authenticity.  The postcard is often preserved and presented as an item of history – whether in a private collection, published
                          in books 2 or in institutional collections.  However, as shown in this project and my research, captioned information may be
                          suspect. I think what particularly strikes me about this image and this instance of misrepresentation 3 is its range, from New
                          York and Pennsylvania to Ohio, Oklahoma and Texas, and its transformation from a specific scene with specific people to a
                          generic view representing nearly any city’s oil tank fire.

                          In displaying Greetings from Oil Country, I loosely plotted all of the postcard images in a grid-map according to the cities they’re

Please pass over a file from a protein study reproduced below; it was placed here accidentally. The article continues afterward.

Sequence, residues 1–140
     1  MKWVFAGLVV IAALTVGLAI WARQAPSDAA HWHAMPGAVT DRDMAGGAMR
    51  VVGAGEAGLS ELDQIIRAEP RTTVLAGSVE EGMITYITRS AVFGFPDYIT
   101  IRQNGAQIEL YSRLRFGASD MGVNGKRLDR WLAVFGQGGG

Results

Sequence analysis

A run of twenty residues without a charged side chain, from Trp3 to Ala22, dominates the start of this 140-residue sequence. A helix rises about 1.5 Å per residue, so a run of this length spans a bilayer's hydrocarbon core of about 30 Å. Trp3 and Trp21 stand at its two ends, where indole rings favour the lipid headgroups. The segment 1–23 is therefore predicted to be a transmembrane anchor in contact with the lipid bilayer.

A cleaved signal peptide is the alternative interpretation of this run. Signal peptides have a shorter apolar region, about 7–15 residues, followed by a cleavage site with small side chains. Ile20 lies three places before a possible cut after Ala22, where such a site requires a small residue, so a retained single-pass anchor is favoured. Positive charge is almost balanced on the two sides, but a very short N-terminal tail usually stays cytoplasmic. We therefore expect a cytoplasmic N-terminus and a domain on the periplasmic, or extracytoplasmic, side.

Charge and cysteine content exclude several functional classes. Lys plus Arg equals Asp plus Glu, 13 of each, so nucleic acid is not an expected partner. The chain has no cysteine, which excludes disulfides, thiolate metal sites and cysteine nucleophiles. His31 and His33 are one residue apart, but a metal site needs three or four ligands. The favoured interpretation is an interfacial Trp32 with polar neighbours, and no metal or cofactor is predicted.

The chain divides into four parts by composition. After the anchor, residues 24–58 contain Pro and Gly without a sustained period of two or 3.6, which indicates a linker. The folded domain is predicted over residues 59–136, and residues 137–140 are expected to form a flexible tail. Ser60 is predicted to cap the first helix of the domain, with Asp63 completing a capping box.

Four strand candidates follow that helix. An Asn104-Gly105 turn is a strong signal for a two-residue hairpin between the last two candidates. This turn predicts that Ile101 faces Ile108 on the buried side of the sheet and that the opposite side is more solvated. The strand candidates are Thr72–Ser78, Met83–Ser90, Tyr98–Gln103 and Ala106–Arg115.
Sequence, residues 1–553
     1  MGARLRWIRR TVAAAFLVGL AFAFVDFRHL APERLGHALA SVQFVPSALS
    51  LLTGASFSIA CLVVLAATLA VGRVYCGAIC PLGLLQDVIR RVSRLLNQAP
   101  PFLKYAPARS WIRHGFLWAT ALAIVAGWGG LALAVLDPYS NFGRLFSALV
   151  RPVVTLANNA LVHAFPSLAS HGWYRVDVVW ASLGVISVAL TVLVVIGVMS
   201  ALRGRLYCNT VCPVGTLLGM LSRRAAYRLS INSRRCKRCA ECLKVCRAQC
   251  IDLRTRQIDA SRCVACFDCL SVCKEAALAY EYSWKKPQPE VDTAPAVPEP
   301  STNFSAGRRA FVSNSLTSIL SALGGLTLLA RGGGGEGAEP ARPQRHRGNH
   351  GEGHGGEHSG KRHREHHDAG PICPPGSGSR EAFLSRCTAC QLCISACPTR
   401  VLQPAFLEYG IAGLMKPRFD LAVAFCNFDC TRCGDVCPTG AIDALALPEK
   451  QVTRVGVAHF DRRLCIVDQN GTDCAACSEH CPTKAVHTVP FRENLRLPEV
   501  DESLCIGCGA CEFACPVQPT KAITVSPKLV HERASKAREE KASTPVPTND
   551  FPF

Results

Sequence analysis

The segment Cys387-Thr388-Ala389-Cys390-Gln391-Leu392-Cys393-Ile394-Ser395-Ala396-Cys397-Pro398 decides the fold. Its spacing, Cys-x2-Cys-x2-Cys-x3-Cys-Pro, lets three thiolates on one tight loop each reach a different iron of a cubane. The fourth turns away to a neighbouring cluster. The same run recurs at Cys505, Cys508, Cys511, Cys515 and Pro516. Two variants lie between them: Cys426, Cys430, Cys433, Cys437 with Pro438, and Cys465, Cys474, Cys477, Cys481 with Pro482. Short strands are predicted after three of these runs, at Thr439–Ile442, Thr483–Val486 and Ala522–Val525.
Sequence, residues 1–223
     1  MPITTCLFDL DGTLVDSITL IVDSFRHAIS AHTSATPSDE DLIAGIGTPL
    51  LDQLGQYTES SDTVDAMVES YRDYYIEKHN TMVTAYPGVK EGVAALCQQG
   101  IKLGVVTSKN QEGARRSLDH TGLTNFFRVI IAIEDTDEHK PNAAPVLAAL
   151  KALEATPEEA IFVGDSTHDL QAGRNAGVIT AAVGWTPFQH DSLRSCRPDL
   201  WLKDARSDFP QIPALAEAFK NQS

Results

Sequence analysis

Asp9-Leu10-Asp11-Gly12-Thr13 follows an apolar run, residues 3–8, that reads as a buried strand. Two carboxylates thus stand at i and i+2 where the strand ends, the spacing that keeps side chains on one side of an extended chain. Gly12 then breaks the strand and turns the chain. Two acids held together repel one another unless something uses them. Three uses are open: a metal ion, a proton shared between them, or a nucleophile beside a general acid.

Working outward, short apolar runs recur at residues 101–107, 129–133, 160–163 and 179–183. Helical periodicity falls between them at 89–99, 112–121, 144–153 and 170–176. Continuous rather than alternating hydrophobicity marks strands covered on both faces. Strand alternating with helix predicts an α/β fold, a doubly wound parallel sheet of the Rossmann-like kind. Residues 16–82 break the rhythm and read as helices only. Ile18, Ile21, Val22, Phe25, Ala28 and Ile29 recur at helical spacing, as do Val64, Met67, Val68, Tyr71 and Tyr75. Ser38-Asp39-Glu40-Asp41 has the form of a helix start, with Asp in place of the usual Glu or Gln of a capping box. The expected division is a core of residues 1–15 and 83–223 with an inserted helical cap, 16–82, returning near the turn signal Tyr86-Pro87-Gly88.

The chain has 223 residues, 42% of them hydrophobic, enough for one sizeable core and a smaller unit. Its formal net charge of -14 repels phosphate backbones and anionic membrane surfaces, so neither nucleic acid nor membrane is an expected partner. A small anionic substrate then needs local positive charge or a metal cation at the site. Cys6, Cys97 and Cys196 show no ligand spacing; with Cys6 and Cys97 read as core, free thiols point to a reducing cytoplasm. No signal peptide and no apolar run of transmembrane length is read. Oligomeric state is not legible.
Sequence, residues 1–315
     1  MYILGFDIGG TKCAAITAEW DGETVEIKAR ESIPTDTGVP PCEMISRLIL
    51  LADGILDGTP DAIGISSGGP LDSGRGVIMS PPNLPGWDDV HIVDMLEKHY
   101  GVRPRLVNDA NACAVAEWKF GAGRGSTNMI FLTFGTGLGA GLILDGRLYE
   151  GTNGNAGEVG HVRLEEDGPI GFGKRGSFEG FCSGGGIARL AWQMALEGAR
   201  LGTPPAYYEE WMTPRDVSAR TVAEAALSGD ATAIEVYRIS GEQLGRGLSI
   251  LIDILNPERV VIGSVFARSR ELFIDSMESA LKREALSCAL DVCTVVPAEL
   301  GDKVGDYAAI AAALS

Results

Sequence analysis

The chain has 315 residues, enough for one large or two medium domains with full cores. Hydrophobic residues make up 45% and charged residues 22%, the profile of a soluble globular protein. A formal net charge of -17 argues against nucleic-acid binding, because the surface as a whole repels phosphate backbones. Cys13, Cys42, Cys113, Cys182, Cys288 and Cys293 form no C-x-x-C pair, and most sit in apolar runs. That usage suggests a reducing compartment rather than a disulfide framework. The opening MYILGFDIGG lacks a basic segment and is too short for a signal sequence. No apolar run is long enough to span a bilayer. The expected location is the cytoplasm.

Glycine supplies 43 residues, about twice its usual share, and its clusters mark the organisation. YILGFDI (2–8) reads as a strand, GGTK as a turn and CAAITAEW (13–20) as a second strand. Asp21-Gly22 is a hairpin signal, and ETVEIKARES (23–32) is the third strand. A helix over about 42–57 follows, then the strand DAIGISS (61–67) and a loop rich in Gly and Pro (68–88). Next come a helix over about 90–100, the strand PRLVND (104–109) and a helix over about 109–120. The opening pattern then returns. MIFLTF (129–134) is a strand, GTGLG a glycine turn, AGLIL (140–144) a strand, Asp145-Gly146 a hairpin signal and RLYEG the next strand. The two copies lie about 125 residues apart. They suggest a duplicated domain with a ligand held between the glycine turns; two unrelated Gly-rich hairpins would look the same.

labeled as being from, near, or between.  One group of postcards to the left stands alone as they are from unidentified locations. 
                          As I discover any additional unique printings of the postcard, they will be added to the “map”.

                                                    1 Excursion train information from correspondence with Jeff A. Spencer, petroleum geologist and oil field historian. 
                                   2 Through my research, I discovered that this postcard has been published in 3 different Images of America books.  In The Bradford Oil Refinery, the image’s caption reads:
                                          “This oil tank, containing 35,000 barrels of oil, caught fire when struck by lightning (sic) in 1906.” (pg.18) In Around Bradford, Volume II, the caption for the
                                           image dates it as circa 1890 (pg.26).  And in Ohio Oil and Gas, the image is captioned as a “burning oil storage tank near Lima.” (pg. 34)
                                    3 I’ve found other instances of oil tank fire postcards that are listed as different cities, but always in much closer proximity to each other and often in at least the same state.
                                    4  http://query.nytimes.com/mem/archive-free/pdf?res=F60915F7355E10738DDDA00A94DF405B8785F0D3